for_saleWe’re in the process of selling our home and finding another one in a new city. Before starting this process, I thought my girlfriend was exaggerating when she said, “I maintain that selling a home with young children is one of the hardest things I’ve ever done.” Now, I’m thinking she was right about the process being difficult, but I think think it has been good for my soul in several ways:

1. Let go of materialism

Before listing the home, we went through every nook and cranny of our home. I was determined to touch every item once and make the decision, “Am I keeping this item here, relocating it (to another room/storage), trashing it, or donating it?”

After purging our home of the extra stuff, I noticed several benefits:
The kids made less of a mess because they had fewer toys, and they were more engaged with the remaining toys they had.
Everyone seemed less overwhelmed.
Maintaining the home became a cinch with clean surfaces and minimal tidying.

We purchased a nearby storage unit until we’re ready to move into our next home. I’ll be anxious to see how much of the stuff we decide we actually need and will bother to unpack. I’m envisioning entire boxes being donated, and the thought of purging even more thrills me! Living among too much stuff really is a burden.

As we look at homes to purchase in a new city, we need to weigh our financial situation as we consider what are wants and what are needs. How many bedrooms do we really need? As we move into our next home, what choices will we make to fill the space? What is a home for, anyway? Praying about these questions is helpful in releasing us from the temptation to keep up with the Joneses. My definition of a “dream home” keeps changing as we pray about these questions.

2. Humility

Part of the selling process is learning to hear constructive feedback on your home. This means having friends, family members, and your realtor offer their thoughts on what changes you need to make to your home before listing. I love that one of my dear friends was brave enough to tell me that our very tired throw pillows needed to either disappear or be replaced. She was definitely right! Being on the receiving end of the constructive feedback reminded me that I need to continually be asking my friends and family members to offer their constructive feedback in other areas of my life if I want to grow in sanctity. If I was blind to my tired throw pillows, I wonder what other areas in my life I’m blind to.

3. Preparedness & Overcoming Sloth

“But about that day and hour no one knows, neither the angels of heaven, nor the Son, but only the father.” (Matthew 24:36)

We never knew when we would get “the call.” The ever-present possibility that we would receive a request for a showing ensured that I was always prepared and avoided sloth. This meant creating habits of tidiness and managing my time better. Becoming a better steward with my time helped me to realize that it’s so much easier to maintain a home when we’re constantly working at it, little by little. Also, even though I was doing more, I seemed to have more chunks of free time to play with the kids, work on my Bible study, blog, etc.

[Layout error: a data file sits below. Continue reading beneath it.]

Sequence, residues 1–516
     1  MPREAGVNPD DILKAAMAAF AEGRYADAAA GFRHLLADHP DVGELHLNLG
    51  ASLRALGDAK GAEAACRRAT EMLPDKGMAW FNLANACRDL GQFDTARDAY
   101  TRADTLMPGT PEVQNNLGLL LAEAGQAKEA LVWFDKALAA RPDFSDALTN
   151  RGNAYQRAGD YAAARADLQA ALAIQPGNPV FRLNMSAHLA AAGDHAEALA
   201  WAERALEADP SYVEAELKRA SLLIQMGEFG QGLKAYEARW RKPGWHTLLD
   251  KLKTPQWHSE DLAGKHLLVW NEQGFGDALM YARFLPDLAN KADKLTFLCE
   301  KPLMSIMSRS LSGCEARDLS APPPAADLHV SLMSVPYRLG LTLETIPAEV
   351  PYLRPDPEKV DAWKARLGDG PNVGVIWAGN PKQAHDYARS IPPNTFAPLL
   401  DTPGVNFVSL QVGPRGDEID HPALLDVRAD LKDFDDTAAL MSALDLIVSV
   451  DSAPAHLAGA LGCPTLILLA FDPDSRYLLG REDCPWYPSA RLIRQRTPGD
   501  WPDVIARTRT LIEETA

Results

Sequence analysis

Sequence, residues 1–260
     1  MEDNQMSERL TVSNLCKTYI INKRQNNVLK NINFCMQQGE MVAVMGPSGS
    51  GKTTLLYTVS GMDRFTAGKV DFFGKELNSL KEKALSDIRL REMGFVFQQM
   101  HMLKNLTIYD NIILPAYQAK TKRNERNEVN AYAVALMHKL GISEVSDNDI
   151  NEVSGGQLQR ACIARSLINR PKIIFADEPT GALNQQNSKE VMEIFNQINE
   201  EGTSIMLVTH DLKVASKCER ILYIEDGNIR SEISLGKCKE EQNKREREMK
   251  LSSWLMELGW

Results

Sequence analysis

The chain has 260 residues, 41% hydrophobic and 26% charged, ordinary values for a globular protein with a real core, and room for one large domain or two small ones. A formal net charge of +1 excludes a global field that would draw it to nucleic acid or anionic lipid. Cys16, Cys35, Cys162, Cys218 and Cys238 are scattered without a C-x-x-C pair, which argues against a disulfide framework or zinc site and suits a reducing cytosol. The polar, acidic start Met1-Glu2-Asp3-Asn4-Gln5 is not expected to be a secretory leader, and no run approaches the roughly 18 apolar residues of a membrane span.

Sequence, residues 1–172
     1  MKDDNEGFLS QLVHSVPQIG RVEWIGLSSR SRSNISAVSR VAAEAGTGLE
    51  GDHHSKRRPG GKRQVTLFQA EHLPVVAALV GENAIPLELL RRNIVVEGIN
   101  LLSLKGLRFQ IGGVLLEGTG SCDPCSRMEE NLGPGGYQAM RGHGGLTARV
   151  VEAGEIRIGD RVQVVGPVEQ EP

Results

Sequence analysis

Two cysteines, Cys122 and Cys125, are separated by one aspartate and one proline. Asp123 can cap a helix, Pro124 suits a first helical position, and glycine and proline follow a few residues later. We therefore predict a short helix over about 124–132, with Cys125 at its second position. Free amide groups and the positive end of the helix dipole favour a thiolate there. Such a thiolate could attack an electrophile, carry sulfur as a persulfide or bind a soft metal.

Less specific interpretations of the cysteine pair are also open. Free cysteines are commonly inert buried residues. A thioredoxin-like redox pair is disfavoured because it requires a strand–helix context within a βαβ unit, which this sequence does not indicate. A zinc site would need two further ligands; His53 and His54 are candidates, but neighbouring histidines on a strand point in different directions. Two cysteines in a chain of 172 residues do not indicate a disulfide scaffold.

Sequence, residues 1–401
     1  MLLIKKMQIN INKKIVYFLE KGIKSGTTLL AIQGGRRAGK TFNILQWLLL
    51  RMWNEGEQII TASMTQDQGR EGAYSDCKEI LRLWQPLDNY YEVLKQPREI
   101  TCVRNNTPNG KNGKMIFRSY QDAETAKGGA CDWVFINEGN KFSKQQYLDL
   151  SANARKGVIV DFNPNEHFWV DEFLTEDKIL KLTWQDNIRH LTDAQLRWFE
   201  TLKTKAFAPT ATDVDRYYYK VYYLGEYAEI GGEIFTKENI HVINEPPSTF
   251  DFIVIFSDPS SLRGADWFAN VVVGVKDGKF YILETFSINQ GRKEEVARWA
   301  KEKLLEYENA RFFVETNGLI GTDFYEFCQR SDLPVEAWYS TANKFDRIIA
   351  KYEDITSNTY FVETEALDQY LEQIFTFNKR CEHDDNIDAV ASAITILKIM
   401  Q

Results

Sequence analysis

4. Remembering That We Are a Pilgrim People

“The world’s thy ship and not thy home.” St. Thérèse de Lisieux

As we approach moving day, the reality of leaving behind my dear friends and some family members is starting to sink in. While we are only moving an hour away, I know that the busy-ness of life will prevent me from seeing my loved ones here as much as we do now. As a stay-at-home mom, I worked very hard to create and maintain strong friendships with my girlfriends to share playdates, participate in book club & Bible study, have girls nights, swap babysitting, or go out to dinner. The thought of having to leave that loving support that has become such a regular part of my life makes me sad.

At the same time, it forces me to realize that become overly attached to people is not a good thing. While I love and adore my family and friends, I need to make sure that I’m not making gods out of them. Having to move away (even if it’s just an hour!), is an exercise in letting go of personal attachments. I know that my godly relationships with my family and dear friends will only be strengthened by our moving.

When we move to this new city, we will have the opportunity to create new friendships, strengthen old ones, and reconnect with family members we have been apart from. Among all of the changes, I think we are most excited to enter into parish life in a new community. Philip is chomping at the bit to join the parish Knights, I want to join (or start!) a young mothers group & Bible study, and the kids are excited to make new friends at school. It is fun to think about how our “domestic church” will grow and change in the years to come--in a house we have yet to find, friends we have yet to meet, and a church that will become our center of gravity.

5. Trust

My prayer throughout this whole process has been, “Most Sacred Heart of Jesus, I place my trust in You.” When I get stressed out about any aspect of the selling/buying/moving (which is more than I like to admit), Philip or another friend or family remember reminds me, “God will take care of you.” There will be several more hoops to jump through and many unknowns remain. This Type A planner definitely struggles with that, but I’m learning to hand this stuff over to the Big Guy because prayer is usually the only thing I can add to the situation.

Have you recently moved? What advice do you have for another family facing a move? What lessons did you learn during the process?

Copyright 2014 Catherine Boucher